Jaaksi from Nokia clarify what he meant when he said Open Source should learn from the mobile phone business. From his clarification, and from my perhaps “polarized” viewpoint, the journalist captured Jaaksi’s view point accurately, i.e., there is not much difference between the two accounts.
PJ’s (of Groklaw) view (on her comment about Jaaksi’s blog entry) that “The more he says, the worse it gets.” has some limited, very limited truth in it.
There is always going to be people of both sides who do not want to learn from each other. Jaaksi is not no one of them, and I do not count myself one of them. In our case, we have the traditional handset business on one side, and open source on the other. Both sides has things to learn from others. However, neither can expect the other to immediately ditch its business model. Both excels in their respective aspect: Nokia in bring mobile communication to the mass, and open source in collaboration to write good, solid software that find wide uses.
Anyone telling the other side to ditch their business model is not asking the other side to learn, but is preaching to the other side. Jaaksi’s latest posting sail very close to preaching, but had not yet cross the line. I can predict and most will agree that a great majority open source people own a mobile phone. A not insignificant number of them, including me, own and prefer a Nokia mobile phone. I can say most people in the open source business understand the handset market dynamics as well as Microsoft’s business model because they are part of it. Moreover, the similarity between the two is that most are actually customers of Nokia and Microsoft, not suppliers.
Presumably Nokia will like to take advantage of open source. Before I start ranting, Nokia has experience in using Linux on its phone. And yes, I would also like to see open source take advantage of Nokia and other mobile platforms. However, I will do this by emphasizing what we have in common, and learn from each other. It is no use asking open source to embrace DRM/handset lock in since this is like asking them to throw away their core belief and akin to telling Nokia to give its handset away for free. However, lets note that those DRM, handset lock in etc are details, something we have to tackle eventually, but at present, noting the particular absence of open source on mobile platform like Nokia’s handset, we can set them aside and tackle them later. Who knows, by the time we tackle it, things might have changed, particularly mindsets. Both should take steps to accommodate each other. From open source side, developing apps for mobile platform as they feel the need to do so and from Nokia, a friendly environment. Something like what Perens says is possible is one of the hundreds of possible first step.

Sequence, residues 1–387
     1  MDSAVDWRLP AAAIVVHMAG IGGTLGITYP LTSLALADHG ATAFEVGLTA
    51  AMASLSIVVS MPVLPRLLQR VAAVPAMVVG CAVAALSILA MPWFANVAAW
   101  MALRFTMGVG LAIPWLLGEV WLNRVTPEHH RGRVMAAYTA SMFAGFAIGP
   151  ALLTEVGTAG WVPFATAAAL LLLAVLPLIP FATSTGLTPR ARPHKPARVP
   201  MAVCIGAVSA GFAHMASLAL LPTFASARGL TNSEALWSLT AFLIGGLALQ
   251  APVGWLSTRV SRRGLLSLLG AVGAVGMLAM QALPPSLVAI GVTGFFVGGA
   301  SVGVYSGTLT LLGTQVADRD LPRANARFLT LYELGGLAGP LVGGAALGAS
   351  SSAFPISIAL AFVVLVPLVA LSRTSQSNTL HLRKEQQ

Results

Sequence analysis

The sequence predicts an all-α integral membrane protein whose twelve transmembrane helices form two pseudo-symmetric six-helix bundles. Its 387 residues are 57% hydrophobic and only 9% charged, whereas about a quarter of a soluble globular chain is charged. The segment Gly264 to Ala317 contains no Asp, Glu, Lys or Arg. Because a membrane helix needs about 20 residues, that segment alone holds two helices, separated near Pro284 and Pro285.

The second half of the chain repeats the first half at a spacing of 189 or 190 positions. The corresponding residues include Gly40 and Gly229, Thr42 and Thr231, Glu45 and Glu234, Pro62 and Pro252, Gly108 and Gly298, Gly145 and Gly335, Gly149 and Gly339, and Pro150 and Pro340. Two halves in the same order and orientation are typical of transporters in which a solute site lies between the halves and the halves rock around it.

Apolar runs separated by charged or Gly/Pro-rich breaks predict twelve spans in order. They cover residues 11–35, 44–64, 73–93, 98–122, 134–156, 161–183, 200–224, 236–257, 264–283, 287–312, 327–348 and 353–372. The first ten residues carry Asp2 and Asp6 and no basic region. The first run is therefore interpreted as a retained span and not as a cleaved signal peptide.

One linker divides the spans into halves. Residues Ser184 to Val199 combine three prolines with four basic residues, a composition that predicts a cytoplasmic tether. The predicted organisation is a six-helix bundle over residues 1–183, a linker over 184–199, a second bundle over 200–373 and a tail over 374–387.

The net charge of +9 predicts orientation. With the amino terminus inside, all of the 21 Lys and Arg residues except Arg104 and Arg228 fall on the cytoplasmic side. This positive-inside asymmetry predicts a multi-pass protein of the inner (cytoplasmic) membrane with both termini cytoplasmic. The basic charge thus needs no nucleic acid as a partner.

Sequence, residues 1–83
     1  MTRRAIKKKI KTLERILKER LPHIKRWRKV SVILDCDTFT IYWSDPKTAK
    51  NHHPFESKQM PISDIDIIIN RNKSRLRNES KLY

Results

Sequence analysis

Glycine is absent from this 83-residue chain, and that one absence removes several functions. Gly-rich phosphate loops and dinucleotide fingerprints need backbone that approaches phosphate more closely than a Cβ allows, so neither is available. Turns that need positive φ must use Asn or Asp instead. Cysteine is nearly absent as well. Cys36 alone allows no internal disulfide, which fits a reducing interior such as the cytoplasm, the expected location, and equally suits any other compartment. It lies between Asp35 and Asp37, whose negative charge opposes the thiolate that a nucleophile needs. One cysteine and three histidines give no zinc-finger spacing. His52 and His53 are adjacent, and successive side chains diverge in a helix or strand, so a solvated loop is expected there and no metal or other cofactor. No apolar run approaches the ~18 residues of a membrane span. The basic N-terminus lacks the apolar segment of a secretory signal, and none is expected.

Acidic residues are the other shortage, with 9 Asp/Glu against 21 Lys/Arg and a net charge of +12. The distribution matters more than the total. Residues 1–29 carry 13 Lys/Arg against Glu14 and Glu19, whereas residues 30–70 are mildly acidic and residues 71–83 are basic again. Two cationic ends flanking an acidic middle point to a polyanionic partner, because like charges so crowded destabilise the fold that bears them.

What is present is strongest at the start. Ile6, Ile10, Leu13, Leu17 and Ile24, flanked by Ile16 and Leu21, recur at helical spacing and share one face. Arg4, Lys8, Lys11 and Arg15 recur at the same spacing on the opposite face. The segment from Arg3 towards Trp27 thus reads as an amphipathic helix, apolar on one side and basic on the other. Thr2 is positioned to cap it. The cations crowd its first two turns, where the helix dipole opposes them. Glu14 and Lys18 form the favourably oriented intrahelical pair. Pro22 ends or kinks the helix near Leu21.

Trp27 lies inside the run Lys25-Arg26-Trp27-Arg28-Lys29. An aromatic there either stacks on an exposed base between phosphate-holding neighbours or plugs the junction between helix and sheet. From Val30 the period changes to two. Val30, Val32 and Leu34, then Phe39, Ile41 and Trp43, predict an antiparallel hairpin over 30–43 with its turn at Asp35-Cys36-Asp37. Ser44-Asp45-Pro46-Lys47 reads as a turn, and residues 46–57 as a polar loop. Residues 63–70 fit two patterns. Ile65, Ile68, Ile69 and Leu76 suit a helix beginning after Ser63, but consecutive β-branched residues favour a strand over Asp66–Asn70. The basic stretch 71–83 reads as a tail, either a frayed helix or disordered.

Where open source excel is the ability to disrupt the status quo. For business, it breaks the traditional “competition only” mindset to “cooperative-competition”: cooperate to share workload on a common, mundane, no value added, necessary groundwork which are simply money sink, but compete on where one’ can really differentiate oneself from other offerings, such as better experience.
Where Jaaksi list the business built on open source software, one crucial theme emerges: It is those businesses that move closer to the open source model, not the opposite. If you really want to go into the petty quibbling of who open source developers work for, I will go into and argue that the people who seeded those projects do not work for business when they did, and you simply jump on the bandwagon when the project close to being successful. I don’t really want to do this, as I feel that both sides has everything to lose from this type of argument, and there is really nothing wrong for the behaviour that we see. However, if you force me into this lose-lose situation, I will have to make sure I lose the least.
For the handset business for example, we see Google’s forey into it via the Andriod initiative. This is definitely one way to inject open source into the handset business. I acknowledge that Google can do it because it does not have existing customers/vendors to worry about, and this is extremely likely to be the wrong step for Nokia. I would like to see Nokia innovate in other ways to take advantage of open source.
Nokia, being the leader in the handset market, can do a lot of help open source coming into the handset. Its countribution can be as big as IBM leading open source into enterprise. I ask that Jaaksi ignore those zealots in both camps that is going to criticize him whatever he do, and concentrate on improving Nokia’s relationship with Open Source. Most of us in the open source camp are there to learn. We look forward to Nokia’s innovative idea on open source.
[Update 18 Jun 2008] Perhaps Google, in advertising Android, shows why Jaaksi is interested in “educating” Open Source on the current reality of handset business. Google claims that using Android can save handset manufacturer a whopping 20 percent of the total cost. Even after factor in exaggeration by Google, that is still a significant potential saving which can put traditional proprietary source handset manufacturer in a disadvantage.